The forgoing information is provided for general information purposes only.  Please always refer to the relevant Community Documents for complete details regarding the information provided here.


Why is Ho’opili Community Association (“HCA”) important?

A homeowners association, like HCA, protects the best interests of the safety of residents, property values and trajectory of the community, and preserves and maintains the character of the community.


What is HCA?

  •  HCA is an association of people, consisting of (i) all of Owners in Ho’opili, and (ii)  D.R. Horton Hawaii LLC, the developer of Ho’opili, sometimes referred to as “Declarant.”
  • All Owners of property in Ho’opili are Class “A” Members of HCA, and Declarant is the sole Class “B” Member of HCA.  For simplicity, Class “A” Members will be referred to herein as “Members,” and the Class “B” Member will simply be referred to as “Declarant.”


Declarant, D.R. Horton Hawaii LLC, includes the following people on its team who also serve on the HCA Board:

Tracy Tonaki, Division President

Grant Nakagawa, Chief Financial Officer

Steven K. Gangwes, SR Development Project Manager

Shawny Wong, Customer Service Office Manager


  • HCA is responsible for a large area – over 1600 acres and is expected to have over 11,000 Members.   In order to facilitate the administration of the HCA, Members are organized by the Ho’opili Community in which they own a home, referred to as a “Subdistrict.” Portions of the responsibility of operating Ho’opili are delegated to individual Subdistricts.
  • HCA is the umbrella governing body for all of Ho’opili and its Subdistricts.  It is responsible for the protection, improvement, maintenance, repair, replacement, administration and operation of Ho’opili, the assessment of expenses, payment of losses, disposition of casualty insurance proceeds, and other matters.
  • HCA is organized and created by certain documents, commonly referred to as the Master Declaration, Master Bylaws, Master Association Rules, and various  Design Guidelines, among other documents (“Master Community Documents“).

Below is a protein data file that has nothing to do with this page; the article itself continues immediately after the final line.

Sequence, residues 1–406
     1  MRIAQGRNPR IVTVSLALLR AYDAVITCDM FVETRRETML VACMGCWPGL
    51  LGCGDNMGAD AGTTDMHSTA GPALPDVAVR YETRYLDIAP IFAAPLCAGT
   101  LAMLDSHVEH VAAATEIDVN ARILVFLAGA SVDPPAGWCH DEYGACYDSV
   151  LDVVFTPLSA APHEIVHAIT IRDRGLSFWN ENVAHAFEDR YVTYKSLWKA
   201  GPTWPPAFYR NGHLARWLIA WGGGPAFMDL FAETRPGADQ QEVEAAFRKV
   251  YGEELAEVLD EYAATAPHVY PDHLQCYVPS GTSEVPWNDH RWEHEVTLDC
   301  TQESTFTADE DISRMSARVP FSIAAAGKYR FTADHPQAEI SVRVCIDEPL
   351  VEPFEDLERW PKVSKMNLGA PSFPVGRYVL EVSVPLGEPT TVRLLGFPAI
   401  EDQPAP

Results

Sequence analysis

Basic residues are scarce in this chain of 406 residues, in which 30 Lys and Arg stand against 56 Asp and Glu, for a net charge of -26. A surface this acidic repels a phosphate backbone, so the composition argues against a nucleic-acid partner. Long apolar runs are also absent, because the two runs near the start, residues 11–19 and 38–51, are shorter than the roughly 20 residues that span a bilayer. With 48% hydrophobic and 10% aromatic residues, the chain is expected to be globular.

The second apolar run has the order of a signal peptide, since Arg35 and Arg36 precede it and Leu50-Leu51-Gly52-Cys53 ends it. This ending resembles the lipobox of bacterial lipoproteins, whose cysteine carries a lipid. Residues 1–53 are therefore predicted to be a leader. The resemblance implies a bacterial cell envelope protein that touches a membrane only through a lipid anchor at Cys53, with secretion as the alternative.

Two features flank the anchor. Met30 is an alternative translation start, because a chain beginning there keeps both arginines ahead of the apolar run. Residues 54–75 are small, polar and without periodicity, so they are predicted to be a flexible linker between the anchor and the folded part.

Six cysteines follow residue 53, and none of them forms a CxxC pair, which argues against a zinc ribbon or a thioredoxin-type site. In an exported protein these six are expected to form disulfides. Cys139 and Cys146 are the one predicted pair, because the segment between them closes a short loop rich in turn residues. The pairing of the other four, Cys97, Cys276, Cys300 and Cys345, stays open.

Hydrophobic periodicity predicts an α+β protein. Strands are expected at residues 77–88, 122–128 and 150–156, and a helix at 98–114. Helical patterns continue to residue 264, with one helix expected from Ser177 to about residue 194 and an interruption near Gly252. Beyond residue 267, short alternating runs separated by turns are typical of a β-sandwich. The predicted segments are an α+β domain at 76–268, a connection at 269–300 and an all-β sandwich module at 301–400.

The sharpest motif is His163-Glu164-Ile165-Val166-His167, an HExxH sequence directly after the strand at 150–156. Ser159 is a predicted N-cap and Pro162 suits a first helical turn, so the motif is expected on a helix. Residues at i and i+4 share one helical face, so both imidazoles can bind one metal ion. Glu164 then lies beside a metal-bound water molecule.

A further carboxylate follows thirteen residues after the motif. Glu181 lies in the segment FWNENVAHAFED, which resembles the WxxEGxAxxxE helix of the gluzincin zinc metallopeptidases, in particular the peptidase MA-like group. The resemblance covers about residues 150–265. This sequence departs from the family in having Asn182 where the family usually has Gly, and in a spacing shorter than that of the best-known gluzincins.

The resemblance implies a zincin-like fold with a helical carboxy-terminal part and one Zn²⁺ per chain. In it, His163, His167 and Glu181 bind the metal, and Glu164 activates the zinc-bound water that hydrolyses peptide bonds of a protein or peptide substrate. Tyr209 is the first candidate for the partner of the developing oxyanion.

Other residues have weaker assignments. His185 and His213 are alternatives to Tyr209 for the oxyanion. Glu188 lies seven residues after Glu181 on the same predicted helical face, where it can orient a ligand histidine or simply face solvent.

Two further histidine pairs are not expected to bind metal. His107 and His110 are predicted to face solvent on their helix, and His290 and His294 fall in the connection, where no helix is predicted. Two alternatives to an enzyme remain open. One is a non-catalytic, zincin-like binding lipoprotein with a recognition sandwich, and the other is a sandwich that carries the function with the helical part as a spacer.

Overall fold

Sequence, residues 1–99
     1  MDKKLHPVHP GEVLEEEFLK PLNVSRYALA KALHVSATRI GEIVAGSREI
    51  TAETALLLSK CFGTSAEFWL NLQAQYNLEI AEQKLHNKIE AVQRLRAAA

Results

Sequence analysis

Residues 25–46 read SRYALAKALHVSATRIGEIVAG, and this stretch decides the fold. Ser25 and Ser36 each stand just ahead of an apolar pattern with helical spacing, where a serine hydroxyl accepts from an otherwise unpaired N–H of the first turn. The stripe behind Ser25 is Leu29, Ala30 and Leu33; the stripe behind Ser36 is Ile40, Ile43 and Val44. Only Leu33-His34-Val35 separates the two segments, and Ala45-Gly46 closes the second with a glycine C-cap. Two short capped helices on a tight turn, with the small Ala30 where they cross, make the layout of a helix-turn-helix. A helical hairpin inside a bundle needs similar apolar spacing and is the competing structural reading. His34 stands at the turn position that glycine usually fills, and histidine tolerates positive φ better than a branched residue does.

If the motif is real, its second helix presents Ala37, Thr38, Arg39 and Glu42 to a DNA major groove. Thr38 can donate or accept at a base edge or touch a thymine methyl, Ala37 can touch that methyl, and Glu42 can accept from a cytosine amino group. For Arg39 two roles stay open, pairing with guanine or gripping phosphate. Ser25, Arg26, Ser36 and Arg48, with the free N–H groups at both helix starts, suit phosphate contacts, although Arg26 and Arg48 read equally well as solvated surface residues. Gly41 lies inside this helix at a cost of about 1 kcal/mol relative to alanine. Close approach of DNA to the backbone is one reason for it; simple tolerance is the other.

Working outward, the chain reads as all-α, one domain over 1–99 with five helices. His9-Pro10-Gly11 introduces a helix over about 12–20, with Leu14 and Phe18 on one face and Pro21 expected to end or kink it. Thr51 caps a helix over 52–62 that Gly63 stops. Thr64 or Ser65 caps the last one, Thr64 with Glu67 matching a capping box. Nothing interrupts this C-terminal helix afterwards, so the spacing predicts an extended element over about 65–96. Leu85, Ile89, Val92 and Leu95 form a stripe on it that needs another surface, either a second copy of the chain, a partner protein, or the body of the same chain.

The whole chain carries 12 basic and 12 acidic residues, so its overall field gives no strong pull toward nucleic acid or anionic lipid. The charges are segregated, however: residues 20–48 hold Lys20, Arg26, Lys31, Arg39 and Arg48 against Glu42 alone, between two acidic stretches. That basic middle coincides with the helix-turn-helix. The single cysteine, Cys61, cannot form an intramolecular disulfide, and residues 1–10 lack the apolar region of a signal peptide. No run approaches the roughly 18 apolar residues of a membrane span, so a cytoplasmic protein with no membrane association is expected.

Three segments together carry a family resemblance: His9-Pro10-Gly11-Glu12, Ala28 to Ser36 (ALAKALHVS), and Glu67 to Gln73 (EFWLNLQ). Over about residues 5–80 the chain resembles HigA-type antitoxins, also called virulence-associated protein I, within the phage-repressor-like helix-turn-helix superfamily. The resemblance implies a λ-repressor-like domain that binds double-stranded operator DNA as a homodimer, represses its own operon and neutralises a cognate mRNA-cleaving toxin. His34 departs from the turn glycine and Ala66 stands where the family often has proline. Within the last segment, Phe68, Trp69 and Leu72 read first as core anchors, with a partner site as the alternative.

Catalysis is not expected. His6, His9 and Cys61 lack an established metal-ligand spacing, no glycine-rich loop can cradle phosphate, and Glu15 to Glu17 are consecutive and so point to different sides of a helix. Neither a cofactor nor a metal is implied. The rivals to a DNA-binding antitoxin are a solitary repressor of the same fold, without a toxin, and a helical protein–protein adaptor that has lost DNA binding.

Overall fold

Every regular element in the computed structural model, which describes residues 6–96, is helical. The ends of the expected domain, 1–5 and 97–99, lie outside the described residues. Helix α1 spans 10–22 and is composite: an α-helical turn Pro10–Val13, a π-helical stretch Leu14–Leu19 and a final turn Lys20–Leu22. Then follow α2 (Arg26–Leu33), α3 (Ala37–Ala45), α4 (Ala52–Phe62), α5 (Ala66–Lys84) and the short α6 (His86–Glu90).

• The Master Community Documents establish the administration and procedure for the governance of the community and the interrelationship between its components, and provides for the maintenance, preservation, use, regulation and enjoyment of the Property and among the Subdistricts


HCA is operated by:


  • A Board of Directors and its Officers.  The current directors and officers of HCA are:

Tracy Tonaki, President/Director

Grant Nakagawa, Presiding Officer/Vice President/Treasurer/Director

Steven K. Gangwes, VP & Secretary/Director

Shawny Wong, Assistant Secretary/Director


  • Managing Agent: Hawaiiana Management

Justyna Fic, Director of New Development

Lana Hernaez, Administrative Assistant


  • HCA Employees

Thomas Chernin, General Manager

Manuel “Manny” Shelley, Assistant Operations Manager

Three additional employees (Jennifer Cabastas, Greg Houtz, Starsky Arizo, Timalili Liulamaga) (and growing!).


  • HCA controls two important committees with special authority: the Design Review Committee, and the Commercial Use Committee.
  • The Design Advisory Board administers the Ho’opili Urban Design Plan, which covers all of Ho’opili and some adjacent areas.
  • Declarant Control Period“: Under the Master Declaration, HCA is initially under the control of Declarant during the “Declarant Control Period“.  The Declarant Control Period allows Declarant to develop Ho’opili as an integrated and planned development, and will continue while Declarant is developing Ho’opili.  Declarant Control will likely be released in stages, at a time determined by Declarant.


What does each role do?

Declarant (DR Horton Hawaii LLC)

  • The Master Declaration allows Declarant to impose covenants, conditions, restrictions and easements under a general plan of development in order to provide a flexible and reasonable procedure for the incremental and overall development of Ho’opili.
  • During the Declarant Control Period, Declarant controls HCA, and has the right to: (i) adopt, amend, modify and/or supplement the Articles of Incorporation, Master Declaration, Master Bylaws, Master Association Rules, Commercial Use Guidelines, Signage Guidelines, Design Guidelines, rules having the force of the Master Association Rules relating to uses permitted in Commercial Use Areas, Industrial Use Areas, Recreation Use Area and/or any other Use Area; (ii) appoint all (or a majority if so provided in the Master Bylaws) of the members of the Master Board; and (iii) appoint all members of the Design Review Committee.



  • During the Declarant Control Period: Before the expiration of the Declarant Control Period, Declarant appoints all or most Directors.